I haven’t been blogging much recently because my mind has preoccupied with the on-going novel project. Its Swedish name is Ökenvandring (the Desert Wandering), but I might have to change that title. It is simply not enough desert in the story. The novel belongs to the same alternate Earth as Iskriget, a dieselretro vision of a different 1940 in which the republican rebels in northwest Europe fight against the oppressive Habsburg empire.
Iskriget sent the protagonists across the ice-covered southern continent of Alba. This novel takes the reader to the hot and arid continent of Magalhana, the stage for the two concluding short-stories in Iskriget. (Both short-stories are actually prequels that take place several years before the rebellion.) Afghanistan and India have been some of my sources of inspiration — two countries in which I have lived — but Alba and Magalhana are fictional testing grounds where the protagonists face social, natural and moral challenges.
One recurring underlying theme in my stories is Cain’s question in Genesis: “Am I my brother’s keeper?” The scarred and reclusive marshal in The Road has to respond to it and the consequences get more far-reaching than anyone would imagine. The world forces everyone to choose — taking the narrow path may cost the wanderer much trouble, but out of those hardships comes inner growth, too. Oliver Wendell Holmes wrote: “The mind, once expanded to the dimensions of larger ideas, never returns to its original size.”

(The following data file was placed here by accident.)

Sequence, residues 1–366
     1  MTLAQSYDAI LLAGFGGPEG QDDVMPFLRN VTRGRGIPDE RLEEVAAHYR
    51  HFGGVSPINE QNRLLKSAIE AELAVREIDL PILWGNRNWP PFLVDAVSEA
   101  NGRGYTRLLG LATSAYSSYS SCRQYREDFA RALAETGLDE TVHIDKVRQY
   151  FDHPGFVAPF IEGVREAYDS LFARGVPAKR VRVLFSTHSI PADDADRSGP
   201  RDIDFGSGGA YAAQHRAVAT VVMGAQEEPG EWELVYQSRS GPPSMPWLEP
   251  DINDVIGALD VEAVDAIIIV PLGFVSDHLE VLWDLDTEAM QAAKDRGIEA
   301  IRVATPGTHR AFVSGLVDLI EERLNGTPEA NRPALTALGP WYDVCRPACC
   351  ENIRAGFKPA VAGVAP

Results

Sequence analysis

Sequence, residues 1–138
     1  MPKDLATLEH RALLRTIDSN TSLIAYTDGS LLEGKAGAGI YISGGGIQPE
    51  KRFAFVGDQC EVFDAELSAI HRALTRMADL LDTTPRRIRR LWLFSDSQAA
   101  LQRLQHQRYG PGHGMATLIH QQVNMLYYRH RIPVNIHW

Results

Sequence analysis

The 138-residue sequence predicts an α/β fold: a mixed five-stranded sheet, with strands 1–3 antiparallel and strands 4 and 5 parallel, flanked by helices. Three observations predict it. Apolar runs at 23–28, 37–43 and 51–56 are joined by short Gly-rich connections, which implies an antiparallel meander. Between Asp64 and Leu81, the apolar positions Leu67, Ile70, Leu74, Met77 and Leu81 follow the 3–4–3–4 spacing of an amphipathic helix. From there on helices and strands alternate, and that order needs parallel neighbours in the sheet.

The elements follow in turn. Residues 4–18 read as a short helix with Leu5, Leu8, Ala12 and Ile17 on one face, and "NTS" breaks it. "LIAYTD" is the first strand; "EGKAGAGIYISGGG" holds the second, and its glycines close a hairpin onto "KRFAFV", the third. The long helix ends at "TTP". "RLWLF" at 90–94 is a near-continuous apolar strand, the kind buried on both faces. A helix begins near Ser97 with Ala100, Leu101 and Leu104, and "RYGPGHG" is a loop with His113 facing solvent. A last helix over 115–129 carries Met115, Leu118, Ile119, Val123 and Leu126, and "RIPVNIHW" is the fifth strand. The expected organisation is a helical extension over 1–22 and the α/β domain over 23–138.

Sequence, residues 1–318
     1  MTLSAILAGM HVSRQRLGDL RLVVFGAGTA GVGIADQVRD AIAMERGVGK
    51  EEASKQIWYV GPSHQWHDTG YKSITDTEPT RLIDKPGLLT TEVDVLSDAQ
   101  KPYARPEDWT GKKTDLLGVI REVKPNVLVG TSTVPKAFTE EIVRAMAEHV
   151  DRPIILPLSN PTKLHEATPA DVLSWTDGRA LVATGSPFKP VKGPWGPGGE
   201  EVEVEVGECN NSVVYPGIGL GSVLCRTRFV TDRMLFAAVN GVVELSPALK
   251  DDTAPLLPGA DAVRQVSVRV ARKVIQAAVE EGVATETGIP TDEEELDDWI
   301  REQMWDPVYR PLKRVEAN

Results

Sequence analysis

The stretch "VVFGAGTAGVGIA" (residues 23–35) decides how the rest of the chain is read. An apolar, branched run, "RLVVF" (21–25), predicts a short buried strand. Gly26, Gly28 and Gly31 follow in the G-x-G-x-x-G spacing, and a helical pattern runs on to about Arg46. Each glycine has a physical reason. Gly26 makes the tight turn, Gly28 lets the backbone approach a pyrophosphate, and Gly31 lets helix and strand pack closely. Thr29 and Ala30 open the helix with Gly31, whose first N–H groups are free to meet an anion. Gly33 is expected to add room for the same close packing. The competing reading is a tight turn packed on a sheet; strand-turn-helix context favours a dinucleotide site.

When I worked in Kabul in 2008, I watched the movie The Journey of August King* on a satellite channel. North Carolina 1815, a widowed white farmer helps a runaway slave woman. The consequences are harsh, because that state’s law shows little mercy for such behavior. But what is morally right and what is legal may differ significantly. At the movie’s end, Mr King, simultaneously facing one victory and one defeat, concludes: “I have never felt so proud before in my life.”
*The movie is well worth watching, being unsentimental and understated.